In Of Silence and Song, Dan Beachy-Quick presents meditations, essays, and other snippets: images, fragments, poems. The book’s pages are haunted by writers of the past, mostly poets, whose words mingle with Beachy-Quick’s own. He touches books they have touched, examines their minds by reading their journals, visits their houses to walks their steps, always looking to learn from them, “As the old masters who, to learn proportion and figure, drew studies of the masters before them, so poets in antiquity used to return to themes explored by those before them, truing their song by the measure of others’ singing.”

From the New Horizons probe at the edge of the solar system, to paleolithic cave paintings, with plenty of conversations with his daughter in between, Beachy-Quick covers a wide array of subjects with deft strokes, holding up both silence and song, both day and night, to examine their paradox. He measures the depth of knowledge by admitting what is unknown, struggles to express ideas that defy language, and searches for the boundaries of a poem on a page:  “Sometimes I think it can be heard in no other way, that song—the one you cannot sing. And then I think, you can put your ear against anything, any made-thing, and hear that supernal vibration that is paradise, I mean the wind speaking, I mean the actual poem, the un-making one, the un-made one we can only glimpse by the making of our own.”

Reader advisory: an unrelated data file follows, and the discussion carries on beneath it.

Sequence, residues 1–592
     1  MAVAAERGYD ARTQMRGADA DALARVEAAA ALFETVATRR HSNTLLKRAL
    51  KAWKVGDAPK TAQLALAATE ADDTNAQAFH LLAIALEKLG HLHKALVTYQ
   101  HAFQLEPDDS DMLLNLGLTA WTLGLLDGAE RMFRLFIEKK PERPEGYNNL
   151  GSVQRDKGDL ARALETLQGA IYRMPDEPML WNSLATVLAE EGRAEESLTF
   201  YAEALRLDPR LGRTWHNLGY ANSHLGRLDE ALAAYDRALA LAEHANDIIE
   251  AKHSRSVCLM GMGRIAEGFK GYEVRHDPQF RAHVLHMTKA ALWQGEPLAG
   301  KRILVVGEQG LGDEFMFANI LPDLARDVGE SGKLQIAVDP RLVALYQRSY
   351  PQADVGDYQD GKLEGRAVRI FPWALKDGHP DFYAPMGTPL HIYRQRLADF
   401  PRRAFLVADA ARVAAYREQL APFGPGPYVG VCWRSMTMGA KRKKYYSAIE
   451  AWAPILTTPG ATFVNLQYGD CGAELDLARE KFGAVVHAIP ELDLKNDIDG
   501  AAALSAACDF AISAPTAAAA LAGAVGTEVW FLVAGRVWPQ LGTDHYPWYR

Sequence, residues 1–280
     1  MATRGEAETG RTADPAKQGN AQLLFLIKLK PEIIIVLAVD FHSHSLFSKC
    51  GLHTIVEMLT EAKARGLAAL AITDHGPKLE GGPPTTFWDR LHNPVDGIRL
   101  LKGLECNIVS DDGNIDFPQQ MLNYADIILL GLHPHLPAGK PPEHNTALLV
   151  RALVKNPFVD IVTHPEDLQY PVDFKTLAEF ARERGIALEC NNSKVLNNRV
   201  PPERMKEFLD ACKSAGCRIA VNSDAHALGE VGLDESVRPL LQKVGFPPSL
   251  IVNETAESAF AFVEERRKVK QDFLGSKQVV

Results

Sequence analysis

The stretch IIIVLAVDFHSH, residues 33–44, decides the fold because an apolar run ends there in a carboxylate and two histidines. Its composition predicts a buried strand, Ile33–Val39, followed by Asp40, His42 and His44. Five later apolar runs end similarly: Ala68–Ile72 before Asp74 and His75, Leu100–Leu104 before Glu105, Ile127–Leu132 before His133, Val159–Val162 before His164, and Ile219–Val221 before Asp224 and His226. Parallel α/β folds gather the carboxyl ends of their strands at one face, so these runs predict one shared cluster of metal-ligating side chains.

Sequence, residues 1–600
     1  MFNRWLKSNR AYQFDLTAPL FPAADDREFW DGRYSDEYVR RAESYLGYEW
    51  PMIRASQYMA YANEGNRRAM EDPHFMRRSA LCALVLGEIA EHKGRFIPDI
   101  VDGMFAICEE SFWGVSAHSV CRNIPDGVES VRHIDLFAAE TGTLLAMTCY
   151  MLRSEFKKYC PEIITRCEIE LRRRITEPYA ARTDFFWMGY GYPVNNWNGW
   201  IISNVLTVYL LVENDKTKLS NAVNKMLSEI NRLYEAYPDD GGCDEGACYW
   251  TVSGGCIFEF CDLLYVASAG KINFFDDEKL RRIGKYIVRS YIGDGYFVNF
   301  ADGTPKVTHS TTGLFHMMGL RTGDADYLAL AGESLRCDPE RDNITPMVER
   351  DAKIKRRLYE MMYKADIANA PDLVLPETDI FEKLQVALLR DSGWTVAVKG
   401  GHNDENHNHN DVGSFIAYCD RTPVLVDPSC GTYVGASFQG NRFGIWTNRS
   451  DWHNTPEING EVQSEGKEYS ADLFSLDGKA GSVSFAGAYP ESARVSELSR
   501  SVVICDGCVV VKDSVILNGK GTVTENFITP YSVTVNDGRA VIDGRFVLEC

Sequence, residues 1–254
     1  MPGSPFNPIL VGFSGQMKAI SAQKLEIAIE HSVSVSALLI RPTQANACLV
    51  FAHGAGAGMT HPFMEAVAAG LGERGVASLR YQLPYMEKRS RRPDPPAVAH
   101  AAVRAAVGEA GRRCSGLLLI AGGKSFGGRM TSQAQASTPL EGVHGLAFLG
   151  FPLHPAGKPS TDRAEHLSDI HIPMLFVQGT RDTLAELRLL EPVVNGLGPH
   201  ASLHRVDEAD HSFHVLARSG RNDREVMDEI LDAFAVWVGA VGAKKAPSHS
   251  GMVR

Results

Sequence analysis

Milkweed Editions.